Twenty five years after the last residential school closed its doors, its painful legacy continues to impact the lives of its survivors, their families and communities. The intergenerational trauma resulting from the residential school system is still felt by those whose lives have been scarred by it. Today, over 60% of youth in care in British Columbia are Indigenous while only accounting for approximately 8% of the total youth population— an overrepresentation that is not a coincidence.  

At BC Foster Parents Association, we recognize our role in the ‘system of care’ and our responsibility to support foster families in order to provide a culturally safe environment where a child can learn and practice their traditions, customs and language and to belong to their Indigenous community. 

Although we serve all foster families of British Columbia, our work takes place on the traditional and unceded territory of Coast Salish peoples, shared by the Kwantlen, Katzie, Matsqui and Semiahmoo First Nations.

We are committed to reconciliation with all Indigenous communities, and creating a space where we listen, learn and grow together. In recent years, our Board and management team have encouraged our staff to participate in educational courses or programs where we can learn the true history of lands — now known as Canada— upon which we live, work and play. We are not afraid to have uncomfortable conversations about Canada’s painful history and to take meaningful actions in our lives and in our work to confront our privilege and do our part to end systems of oppression. We forge strong and respectful partnerships with Indigenous Peoples in our work.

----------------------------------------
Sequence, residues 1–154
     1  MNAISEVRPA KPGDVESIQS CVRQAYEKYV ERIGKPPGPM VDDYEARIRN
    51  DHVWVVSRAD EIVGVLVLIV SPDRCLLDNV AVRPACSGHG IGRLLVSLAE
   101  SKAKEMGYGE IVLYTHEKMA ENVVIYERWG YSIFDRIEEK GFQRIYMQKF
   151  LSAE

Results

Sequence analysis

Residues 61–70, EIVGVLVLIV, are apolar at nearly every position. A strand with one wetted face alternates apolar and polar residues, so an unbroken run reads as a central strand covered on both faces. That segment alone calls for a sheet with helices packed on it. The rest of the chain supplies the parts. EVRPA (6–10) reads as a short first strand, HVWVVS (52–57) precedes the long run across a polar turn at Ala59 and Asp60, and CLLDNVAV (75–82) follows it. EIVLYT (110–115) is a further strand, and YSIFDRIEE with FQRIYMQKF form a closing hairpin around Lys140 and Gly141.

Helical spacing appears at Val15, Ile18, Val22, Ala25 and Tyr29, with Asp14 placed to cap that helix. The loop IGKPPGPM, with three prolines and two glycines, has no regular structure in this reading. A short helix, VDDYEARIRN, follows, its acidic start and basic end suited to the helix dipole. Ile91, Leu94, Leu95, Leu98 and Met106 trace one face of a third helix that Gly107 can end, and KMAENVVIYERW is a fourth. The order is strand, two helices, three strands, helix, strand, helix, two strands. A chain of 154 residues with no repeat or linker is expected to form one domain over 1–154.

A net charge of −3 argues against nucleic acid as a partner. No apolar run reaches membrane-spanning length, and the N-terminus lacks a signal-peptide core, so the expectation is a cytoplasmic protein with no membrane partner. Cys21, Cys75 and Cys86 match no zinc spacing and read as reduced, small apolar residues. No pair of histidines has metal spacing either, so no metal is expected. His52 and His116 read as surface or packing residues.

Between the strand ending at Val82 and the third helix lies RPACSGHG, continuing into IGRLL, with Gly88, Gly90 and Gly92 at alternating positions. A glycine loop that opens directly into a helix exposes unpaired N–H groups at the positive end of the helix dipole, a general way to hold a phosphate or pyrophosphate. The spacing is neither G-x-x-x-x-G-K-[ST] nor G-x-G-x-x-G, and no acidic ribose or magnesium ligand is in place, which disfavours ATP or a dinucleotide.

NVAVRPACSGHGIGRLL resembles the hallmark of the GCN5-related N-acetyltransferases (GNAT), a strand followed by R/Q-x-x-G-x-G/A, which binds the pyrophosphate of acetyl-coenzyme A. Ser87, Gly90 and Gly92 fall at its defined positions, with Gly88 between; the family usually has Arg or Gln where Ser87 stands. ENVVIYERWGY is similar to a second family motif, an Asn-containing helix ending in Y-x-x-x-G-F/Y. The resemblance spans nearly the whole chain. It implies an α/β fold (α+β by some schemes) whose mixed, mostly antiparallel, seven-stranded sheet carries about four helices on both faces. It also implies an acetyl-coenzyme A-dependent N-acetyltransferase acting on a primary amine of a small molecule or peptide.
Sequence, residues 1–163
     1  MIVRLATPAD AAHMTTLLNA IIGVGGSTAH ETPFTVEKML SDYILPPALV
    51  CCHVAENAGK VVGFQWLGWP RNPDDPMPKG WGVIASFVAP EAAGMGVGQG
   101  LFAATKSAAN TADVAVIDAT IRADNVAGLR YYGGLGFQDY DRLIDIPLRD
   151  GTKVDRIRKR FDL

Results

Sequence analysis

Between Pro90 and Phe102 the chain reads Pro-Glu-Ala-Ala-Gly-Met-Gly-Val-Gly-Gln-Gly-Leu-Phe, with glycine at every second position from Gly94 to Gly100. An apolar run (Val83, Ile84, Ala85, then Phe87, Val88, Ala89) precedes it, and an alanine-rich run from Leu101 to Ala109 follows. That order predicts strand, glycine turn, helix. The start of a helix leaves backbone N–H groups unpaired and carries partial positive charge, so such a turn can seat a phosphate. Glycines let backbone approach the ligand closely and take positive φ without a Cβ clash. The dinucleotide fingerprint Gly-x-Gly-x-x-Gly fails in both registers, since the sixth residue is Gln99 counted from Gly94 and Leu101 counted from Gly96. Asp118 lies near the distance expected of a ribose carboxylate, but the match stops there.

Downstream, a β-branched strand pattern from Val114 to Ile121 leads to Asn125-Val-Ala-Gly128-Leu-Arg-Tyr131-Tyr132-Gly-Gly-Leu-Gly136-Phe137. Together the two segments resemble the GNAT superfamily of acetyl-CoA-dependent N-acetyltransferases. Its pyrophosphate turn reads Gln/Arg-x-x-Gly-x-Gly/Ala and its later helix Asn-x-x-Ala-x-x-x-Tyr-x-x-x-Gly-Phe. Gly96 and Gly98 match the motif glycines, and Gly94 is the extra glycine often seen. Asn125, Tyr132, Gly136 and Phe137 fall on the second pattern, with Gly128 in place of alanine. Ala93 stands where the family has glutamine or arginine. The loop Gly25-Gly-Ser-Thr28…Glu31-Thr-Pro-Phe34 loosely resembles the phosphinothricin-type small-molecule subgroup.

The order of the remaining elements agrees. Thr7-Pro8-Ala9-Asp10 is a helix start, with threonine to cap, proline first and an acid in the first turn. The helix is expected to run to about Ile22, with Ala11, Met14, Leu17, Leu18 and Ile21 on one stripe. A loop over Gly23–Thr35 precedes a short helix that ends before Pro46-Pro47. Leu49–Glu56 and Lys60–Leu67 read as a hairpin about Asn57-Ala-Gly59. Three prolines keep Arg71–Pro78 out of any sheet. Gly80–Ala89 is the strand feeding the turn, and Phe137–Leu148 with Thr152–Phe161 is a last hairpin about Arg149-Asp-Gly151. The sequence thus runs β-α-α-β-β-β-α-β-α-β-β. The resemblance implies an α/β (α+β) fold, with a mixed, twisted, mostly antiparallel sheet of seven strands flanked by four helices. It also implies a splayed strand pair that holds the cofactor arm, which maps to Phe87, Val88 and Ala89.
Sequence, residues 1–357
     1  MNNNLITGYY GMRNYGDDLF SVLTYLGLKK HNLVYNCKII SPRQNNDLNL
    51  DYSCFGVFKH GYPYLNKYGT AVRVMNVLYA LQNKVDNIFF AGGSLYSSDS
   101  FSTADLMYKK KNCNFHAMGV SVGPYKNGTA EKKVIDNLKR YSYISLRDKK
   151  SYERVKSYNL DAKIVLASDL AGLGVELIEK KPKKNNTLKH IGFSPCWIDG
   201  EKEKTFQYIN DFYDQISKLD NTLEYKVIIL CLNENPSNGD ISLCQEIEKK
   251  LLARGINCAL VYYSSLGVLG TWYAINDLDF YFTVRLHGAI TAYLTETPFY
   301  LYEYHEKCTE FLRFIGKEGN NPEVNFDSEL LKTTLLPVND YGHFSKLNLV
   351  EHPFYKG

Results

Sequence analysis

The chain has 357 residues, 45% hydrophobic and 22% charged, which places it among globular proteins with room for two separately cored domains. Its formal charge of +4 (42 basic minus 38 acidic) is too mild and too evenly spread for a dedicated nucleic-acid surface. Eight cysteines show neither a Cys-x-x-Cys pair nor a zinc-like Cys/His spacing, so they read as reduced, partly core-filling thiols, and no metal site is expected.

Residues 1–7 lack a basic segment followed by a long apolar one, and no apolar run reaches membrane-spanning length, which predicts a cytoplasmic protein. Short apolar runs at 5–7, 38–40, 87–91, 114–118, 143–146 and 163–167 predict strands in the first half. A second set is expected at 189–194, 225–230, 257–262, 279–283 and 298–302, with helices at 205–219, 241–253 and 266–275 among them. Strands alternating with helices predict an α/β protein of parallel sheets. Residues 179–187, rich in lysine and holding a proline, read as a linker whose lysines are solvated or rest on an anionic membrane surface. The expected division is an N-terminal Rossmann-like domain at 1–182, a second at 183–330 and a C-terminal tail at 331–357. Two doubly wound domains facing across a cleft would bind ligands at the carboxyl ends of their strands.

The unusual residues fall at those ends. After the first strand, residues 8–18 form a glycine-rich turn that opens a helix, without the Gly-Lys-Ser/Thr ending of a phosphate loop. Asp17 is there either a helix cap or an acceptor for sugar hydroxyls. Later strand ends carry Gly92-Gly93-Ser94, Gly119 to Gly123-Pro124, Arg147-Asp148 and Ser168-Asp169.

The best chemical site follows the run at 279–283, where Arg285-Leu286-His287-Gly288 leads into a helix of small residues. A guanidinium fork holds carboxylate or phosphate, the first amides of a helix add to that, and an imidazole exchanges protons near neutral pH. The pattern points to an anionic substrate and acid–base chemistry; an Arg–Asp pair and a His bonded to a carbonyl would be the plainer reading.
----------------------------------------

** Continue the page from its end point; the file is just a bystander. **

We are inspired by the 94 calls to action from the Commissioners of the Truth and Reconciliation Commission, and the calls for justice from the National Inquiry into Missing and Murdered Indigenous Women and Girls. 

Today, our office will be closed as we observe the National Day for Truth And Reconciliation. We will be listening to stories of residential school survivors, wearing orange shirts in solidarity, supporting Indigenous-led causes, and reflecting on what we can do to address the 94 Calls to Action. 

Reconciliation begins with each and everyone of us.